The album opens with a vivid portrait of matrimony and the tender, sped-up wails of a 1976 O’Jays record on “I Swear, I Love No One But You,” set over the J.U.S.T.I.C.E. League’s smooth, glistening production. Blige is slick and swooning, praising a new love who’s “just above the best, I must confess the best love that I ever had” and offering gushing metaphors. “About You” is a similarly euphoric ode where boldly chops and syncs Nina Simone’s classic, swaggering “Feeling Good” vocals with Blige’s own, turning the song into a stomping, if relatively flat, declaration of loyalty to a partner.

Blige often communicates with her past selves in her music. Here, her use of first, second, and third person in songs feels more prominent. The 9th Wonder production, “Good Woman Down,” addresses listeners directly, extending a hand to the women who remind Blige of a young tragic Mary. The song is a plainspoken survival story about escaping a childhood of abuse only having it spill into her adult relationships: “When I used to see my daddy beat my mother down, down to her feet/I used to say that ain’t gonna never be me,” Blige recounts, her vocals, as always, scratched with disillusion. The reflective gaze is pretty and clearest on tracks like the plaintive ballad “Take Me As I Am” and the standout “Baggage,” where Blige sings about recognizing patterns, over a sprinkling of synths that sound like Jimmy Jam and Terry Lewis throwing a fistful of glitter over the track: “Don’t wanna make you pay for what somebody else has done to me/I don’t know what to do.”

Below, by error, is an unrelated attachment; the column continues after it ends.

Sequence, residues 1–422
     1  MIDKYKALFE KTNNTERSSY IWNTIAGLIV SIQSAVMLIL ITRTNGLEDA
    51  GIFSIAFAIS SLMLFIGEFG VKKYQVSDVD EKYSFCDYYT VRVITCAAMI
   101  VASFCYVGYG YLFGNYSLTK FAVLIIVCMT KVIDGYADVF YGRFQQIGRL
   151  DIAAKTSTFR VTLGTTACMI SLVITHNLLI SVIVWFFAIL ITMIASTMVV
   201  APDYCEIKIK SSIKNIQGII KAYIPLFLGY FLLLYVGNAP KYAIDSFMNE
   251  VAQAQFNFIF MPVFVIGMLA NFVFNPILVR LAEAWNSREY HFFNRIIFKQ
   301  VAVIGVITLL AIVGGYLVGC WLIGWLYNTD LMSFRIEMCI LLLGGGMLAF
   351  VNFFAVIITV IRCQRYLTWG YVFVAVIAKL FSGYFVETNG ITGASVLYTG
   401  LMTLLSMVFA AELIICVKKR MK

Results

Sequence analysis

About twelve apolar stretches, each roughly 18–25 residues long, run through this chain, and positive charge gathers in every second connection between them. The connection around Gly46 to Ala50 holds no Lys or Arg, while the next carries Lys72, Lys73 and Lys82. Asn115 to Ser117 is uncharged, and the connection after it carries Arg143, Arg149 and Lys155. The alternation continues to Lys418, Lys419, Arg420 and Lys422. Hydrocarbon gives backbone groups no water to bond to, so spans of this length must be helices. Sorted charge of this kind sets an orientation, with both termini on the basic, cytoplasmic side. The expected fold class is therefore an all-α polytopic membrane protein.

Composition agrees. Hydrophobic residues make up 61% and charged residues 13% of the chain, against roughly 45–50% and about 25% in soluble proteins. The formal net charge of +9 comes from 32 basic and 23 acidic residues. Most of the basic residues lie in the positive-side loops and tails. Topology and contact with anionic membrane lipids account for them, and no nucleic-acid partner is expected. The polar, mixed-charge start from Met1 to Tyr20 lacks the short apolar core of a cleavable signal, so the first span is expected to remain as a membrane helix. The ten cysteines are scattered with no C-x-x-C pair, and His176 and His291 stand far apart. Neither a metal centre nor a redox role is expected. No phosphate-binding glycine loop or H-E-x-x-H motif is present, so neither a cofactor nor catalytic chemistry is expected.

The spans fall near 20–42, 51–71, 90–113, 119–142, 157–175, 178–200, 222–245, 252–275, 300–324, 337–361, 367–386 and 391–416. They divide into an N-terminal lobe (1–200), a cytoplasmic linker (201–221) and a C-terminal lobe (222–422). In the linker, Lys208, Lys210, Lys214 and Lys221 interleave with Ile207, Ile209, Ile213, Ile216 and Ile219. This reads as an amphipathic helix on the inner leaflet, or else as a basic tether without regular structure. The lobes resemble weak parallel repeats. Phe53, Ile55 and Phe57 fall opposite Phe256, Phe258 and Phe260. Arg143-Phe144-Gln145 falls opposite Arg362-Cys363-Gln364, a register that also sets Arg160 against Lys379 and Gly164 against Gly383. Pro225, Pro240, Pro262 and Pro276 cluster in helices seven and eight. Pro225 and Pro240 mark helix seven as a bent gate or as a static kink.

Blige has described the challenge of being raised by a single mother with tragic clarity. In her self-produced 2021 documentary My Life, she talks about hearing her father’s soul music in the house while growing up in Yonkers, New York, and being particularly intrigued and haunted by the “my life in the sunshine” refrain on Roy Ayers Ubiquity’s “Everybody Loves the Sunshine.” Blige recalls, “That record made me feel like I could have something, but I couldn’t get my hands on it.”